Indigenous Knowledges Reading Series (CTE9502)

Thursday, November 23, 2023 1:00 pm - 3:00 pm EST (GMT -05:00)

Location: Online

Facilitator: Nahannee Schuitemaker


Book: "The Clay We Are Made Of: Haudenosaunee Land Tenure on the Grand River" – Susan M. Hill (2017)

Join Nahannee for a discussion of The Clay We Are Made of: Haudenosaunee Land Tenure on the Grand River. Participants should read the introduction, and chapter 1 if possible, before attending. The ebook is available through the library. Reading the entire book is encouraged but not required.

From the publisher: If one seeks to understand Haudenosaunee (Six Nations) history, one must consider the history of Haudenosaunee land. For countless generations prior to European contact, land and territory informed Haudenosaunee thought and philosophy, and was a primary determinant of Haudenosaunee identity.

In The Clay We Are Made Of, Susan M. Hill presents a revolutionary retelling of the history of the Grand River Haudenosaunee from their Creation Story, through European contact, to contemporary land claims negotiations. She incorporates Indigenous theory, Fourth world post-colonialism, and Amerindian autohistory, along with Haudenosaunee languages, oral records, and wampum strings to provide a comprehensive account of the Haudenosaunee relationship
to their land.

Hill outlines the basic principles and historical knowledge contained within four key epics passed down through Haudenosaunee history. She highlights the political role of women in land negotiations and dispels their misrepresentation in the scholarly canon. She guides the reader through treaty relationships with Dutch, French, and British settler nations—including the Kaswentha/ Two-Row Wampum (the precursor to all future Haudenosaunee-European treaties), the Covenant Chain, the Nanfan Treaty, and the Haldimand Proclamation—and details outstanding land claims. Hill’s study concludes with a discussion of the current problematic relationship between the Grand River Haudenosaunee and the Canadian government, and reflects on the meaning and possibility of reconciliation.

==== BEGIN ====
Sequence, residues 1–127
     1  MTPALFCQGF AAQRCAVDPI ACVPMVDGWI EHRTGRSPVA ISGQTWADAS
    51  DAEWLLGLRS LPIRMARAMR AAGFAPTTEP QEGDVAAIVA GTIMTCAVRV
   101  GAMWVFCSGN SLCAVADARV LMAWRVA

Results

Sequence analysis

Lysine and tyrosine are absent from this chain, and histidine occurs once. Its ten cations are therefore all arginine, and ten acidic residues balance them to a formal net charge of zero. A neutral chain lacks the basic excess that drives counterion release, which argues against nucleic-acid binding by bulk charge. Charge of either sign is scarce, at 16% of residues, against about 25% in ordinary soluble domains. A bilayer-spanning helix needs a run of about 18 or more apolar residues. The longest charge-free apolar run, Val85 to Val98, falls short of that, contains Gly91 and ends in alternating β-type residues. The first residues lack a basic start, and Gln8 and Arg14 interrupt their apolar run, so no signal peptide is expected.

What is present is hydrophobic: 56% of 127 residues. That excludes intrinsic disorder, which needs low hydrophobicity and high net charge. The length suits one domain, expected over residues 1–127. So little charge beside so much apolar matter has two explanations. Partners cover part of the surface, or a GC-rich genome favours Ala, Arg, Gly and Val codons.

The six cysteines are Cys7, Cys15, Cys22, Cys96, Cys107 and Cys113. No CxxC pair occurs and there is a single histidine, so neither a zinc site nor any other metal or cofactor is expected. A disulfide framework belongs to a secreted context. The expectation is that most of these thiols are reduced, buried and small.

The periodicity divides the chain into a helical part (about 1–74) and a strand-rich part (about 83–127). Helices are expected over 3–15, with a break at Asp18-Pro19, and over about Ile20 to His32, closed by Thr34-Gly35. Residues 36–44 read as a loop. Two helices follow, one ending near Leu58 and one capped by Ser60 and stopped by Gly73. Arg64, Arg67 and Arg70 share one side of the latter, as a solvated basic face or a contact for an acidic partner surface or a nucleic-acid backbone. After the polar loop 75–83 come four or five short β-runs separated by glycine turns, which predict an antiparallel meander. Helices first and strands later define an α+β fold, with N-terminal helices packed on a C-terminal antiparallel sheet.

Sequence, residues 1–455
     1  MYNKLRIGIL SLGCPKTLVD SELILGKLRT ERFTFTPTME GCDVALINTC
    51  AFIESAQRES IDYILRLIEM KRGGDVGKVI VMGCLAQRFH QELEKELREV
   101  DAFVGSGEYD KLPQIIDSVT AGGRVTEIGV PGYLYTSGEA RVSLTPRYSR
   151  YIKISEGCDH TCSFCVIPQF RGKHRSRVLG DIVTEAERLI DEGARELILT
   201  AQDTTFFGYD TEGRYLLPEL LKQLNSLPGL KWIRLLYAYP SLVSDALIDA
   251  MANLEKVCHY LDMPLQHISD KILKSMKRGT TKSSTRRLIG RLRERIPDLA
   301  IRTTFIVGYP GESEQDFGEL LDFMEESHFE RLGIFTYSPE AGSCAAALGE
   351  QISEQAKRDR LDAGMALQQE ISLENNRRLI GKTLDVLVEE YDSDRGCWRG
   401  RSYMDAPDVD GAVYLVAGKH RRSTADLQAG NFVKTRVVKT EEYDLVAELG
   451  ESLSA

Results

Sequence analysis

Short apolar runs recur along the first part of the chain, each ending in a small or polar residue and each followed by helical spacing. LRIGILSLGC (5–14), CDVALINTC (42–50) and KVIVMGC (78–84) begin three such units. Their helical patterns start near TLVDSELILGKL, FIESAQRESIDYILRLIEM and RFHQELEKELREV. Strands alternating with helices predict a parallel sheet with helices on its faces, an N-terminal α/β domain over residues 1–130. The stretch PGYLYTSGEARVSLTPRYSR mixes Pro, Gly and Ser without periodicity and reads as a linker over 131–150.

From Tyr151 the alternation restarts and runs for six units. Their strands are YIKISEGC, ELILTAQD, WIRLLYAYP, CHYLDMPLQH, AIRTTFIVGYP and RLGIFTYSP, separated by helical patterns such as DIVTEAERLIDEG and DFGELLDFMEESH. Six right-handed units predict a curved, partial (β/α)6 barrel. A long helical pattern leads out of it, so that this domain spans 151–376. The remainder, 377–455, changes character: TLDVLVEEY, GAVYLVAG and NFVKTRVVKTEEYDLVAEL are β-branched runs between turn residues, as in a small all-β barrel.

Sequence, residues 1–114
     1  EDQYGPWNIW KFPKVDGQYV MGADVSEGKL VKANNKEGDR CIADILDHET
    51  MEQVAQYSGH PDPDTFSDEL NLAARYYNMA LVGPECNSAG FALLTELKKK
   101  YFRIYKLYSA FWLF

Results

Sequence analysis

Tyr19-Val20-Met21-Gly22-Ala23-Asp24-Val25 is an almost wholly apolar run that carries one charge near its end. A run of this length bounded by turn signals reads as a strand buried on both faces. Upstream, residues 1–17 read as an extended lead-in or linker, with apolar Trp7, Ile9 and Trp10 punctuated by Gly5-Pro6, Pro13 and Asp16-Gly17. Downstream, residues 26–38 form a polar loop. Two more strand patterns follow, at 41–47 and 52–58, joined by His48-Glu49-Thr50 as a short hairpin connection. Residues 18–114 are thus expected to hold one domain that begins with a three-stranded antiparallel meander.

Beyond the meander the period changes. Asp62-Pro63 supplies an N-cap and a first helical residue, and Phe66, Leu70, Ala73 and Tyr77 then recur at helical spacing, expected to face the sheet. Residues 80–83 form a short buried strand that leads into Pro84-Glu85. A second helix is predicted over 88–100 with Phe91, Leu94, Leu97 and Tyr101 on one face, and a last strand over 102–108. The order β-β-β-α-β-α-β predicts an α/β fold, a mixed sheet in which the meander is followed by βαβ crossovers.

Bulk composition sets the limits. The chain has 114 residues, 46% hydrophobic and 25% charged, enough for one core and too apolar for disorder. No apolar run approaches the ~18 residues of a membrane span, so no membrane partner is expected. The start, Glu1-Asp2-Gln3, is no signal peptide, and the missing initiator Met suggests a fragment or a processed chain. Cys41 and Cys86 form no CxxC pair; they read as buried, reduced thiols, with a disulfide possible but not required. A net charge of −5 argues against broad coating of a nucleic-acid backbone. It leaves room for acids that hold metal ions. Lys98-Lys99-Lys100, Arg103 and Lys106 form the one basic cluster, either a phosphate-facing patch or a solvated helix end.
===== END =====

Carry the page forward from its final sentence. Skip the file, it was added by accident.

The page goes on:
• SHORTLISTED, The François-Xavier Garneau Medal, Canadian Historical Association (CHA) (2020)
  • WINNER, Best First Book, Native American and Indigenous Studies Association (NAISA) (2018)
  • NOMINEE, The Sir John A. Macdonald Prize, Canadian Historical Association (CHA) (2018)
  • WINNER, Aboriginal History Group Book Prize, CHA (2018)
  • WINNER, Ontario Clio Prize, CHA (2018)


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Many of our workshops have waiting lists, so if you've registered but can't attend, please cancel your registration well in advance through the registration system, so that someone else can fill your spot.


The University of Waterloo is committed to achieving barrier-free accessibility for persons with disabilities who are studying, working, or visiting at Waterloo. If you have questions concerning access, such as parking, building layouts, or obtaining information in alternative formats, or wish to request accommodations for a CTE workshop or event, please contact CTE via email ( or phone (ext. 33857) and include the session’s title and date. Our workshops typically involve a mix of presentation and discussion-based activities, and we encourage a scent-free environment. We also welcome accompanying assistants, interpreters, or note-takers; notify us if accommodations are needed in this regard. Please note that some accommodations may require time to arrange.